It would come as no surprise if it turned out that the words “cost over-runs” were to the present Labour government what ostensibly holy water is to the devil.
With no prodding whatsoever a beaming infrastructure minister Philip J Pierre, with reference to the Bonne Terre bridge project, had pointed out to reporters back in April that “so far I can say no cost over-runs.”
The Minister was at the time giving the media a tour of the incomplete bridge, with his permanent secretary in tote. The tour was an apparent response to criticism that the project originally scheduled for completion in January 2013 was more than two months behind schedule. On the occasion no plausible explanation was given for the delay. The minister simply announced a new completion date: 5 May 2013.
The Bonne Terre Bridge had also drawn some earlier criticisms from the LPM, centered on cost. Engineers Pat Brown and John Peters, both writing in another newspaper, had expressed concern over the design of the bridge. Peters, in particular, was disturbed that projects like the Bonne Terre bridge did not go through proper soil investigation or geotechnical processes.
With so many dark clouds hanging over the project and with the government boasting of transparency, what then to make of the minister’s bewilderment when we sought a comment from his engineers about the delays in the project this week.
“You cannot be serious,” said Pierre, when he accidentally met with media personnel at the office of his deputy engineer. “You all haven’t seen the kind of weather we have been having?”
Just days earlier he had boasted about the success of Jazz in rain-soaked muddy Marchand.
“In any case,” he asked, “what’s the story here? Is there any inconvenience to the public, are there cost over-runs?” Then he left us with his engineer.
In September of 2012, the contract for the construction of the new Bonne Terre bridge was awarded to Integrated Development Contractors that, according to a GIS statement, “would engage one hundred percent Saint Lucian workers and supervisors.” The contracts were signed during a press conference on Tuesday, 4 September this year. The project, estimated at EC$5.5 million, was to be completed in six months.
The project was described as a single span, reinforced concrete bridge, designed to be 11.2 meters long, capable of accommodating 4- lane traffic, with pedestrian sidewalks on either side.
“We have managed to make substantial savings in engineering and consultancy fees for this project using the Competitive Selector Tender process,” Pierre said at the time. All players involved, including the 20 employees, were “all local and supervision will be undertaken by staff of the Ministry of Infrastructure.” Funds for the project would be “sourced from an EC$13 million allocation, provided in the 2012/2013 budget,”
At the time of signing Pierre said: “These are the facts, there are no secrets and no refusal to disclose the cost of the project before construction. We are being open and transparent with the use of the taxpayer’s money.”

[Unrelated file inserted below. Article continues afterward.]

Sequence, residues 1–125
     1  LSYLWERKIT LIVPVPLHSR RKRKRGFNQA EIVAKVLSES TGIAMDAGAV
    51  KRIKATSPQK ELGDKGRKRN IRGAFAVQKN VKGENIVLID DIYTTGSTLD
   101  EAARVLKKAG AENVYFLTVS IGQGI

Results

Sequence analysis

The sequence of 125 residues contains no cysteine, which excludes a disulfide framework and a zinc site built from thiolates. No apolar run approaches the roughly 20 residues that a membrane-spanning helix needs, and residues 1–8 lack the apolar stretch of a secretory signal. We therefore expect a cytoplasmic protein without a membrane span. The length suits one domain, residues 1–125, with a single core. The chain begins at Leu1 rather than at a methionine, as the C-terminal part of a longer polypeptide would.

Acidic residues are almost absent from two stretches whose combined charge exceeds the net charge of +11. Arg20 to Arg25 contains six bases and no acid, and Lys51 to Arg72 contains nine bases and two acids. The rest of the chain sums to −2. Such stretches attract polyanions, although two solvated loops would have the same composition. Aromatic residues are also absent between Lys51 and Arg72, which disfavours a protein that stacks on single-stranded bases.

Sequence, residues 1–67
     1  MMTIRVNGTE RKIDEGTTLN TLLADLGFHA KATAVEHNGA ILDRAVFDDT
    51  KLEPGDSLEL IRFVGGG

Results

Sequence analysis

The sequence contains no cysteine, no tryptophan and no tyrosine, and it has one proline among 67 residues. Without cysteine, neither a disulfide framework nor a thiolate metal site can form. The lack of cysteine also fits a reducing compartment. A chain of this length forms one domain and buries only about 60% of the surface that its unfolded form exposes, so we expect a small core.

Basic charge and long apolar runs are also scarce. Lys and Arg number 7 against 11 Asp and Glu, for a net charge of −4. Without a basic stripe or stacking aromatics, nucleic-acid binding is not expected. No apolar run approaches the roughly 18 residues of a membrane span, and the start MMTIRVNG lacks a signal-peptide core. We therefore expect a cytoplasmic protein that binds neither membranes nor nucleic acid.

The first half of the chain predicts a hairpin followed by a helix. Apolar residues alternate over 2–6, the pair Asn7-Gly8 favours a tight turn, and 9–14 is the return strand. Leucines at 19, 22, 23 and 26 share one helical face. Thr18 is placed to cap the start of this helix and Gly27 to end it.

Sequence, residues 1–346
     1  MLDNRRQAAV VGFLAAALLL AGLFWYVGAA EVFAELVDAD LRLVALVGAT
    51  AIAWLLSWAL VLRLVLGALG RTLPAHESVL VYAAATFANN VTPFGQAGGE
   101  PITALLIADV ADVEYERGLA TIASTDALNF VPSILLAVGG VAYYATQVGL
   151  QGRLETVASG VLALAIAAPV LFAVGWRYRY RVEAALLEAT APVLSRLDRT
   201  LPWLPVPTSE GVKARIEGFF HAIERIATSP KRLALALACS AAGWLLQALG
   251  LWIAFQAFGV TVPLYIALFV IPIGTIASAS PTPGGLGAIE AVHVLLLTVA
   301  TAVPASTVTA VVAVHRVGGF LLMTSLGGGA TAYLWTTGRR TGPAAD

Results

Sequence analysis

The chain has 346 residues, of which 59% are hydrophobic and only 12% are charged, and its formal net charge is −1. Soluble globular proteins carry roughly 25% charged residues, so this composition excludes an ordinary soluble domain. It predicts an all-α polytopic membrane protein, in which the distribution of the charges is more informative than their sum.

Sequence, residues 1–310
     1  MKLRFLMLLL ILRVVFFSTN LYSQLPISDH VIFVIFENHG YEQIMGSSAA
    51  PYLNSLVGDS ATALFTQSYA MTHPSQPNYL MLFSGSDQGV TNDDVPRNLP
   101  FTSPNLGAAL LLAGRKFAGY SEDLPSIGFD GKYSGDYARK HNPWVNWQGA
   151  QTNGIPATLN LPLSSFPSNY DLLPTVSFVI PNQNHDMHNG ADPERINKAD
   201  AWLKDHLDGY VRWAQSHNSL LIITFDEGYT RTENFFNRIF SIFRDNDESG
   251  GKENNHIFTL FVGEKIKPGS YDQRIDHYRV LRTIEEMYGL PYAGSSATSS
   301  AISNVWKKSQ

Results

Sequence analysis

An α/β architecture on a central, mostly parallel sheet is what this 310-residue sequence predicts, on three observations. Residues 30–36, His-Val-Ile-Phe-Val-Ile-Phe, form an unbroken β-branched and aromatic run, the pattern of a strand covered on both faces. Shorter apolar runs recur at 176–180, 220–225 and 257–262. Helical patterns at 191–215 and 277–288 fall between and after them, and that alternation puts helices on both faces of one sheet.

Ahead of the construction of the new bridge a bypass road was constructed parallel to the existing culvert, allowing works on the new bridge to progress uninterrupted. Then in March, Pierre’s predecessor former Guy Joseph expressed concerns about the unexplained delay in the project.
Permanent Secretary in the Ministry of Infrastructure Allison Jean explained that “unforeseen circumstances” had resulted in the delay and the construction was “now scheduled to be completed by May 5.” During the previously mentioned media tour she said the cost of the bridge was “quite justified.”
This week the STAR spoke with the deputy chief engineer Len Robertson Leon. “As far as I am concerned and aware of,” he said, “although we have not had an updated report, approximately three weeks ago we had an interview which took place on the Bonne Terre bridge site where we reported that all being well the bridge should open approximately the first week of May. But obviously since then there has been some serious inclement weather. At least two major spells and I don’t think I need to tell you what the results of that have been.”
He said the recent rains had resulted in flooding and slides across the country. “Fortunately this has not affected so much the Bonne Terre bridge. However it is obviously very much saturated in terms of the on-going road works and the building up of the carriageway. Obviously this material needs to desaturate and hopefully, with some good weather, a lot of the water which had settled inside the construction would have been removed and this will obviously cause some delay.”
Leon would not be drawn into offering a new completion date. “We must wait for the water to dissipate,” he said, “test the material again, re-compact, make sure all is solid and meets all quality assurance.”
The deputy engineer in the Ministry could not speak to whether the project was still within budget or what new road and bridge projects would be next undertaken. These, he said, would be guided by what is put in this year’s budget for his ministry to match their road program.
Recently the prime minister announced cuts in the ministry’s allocations.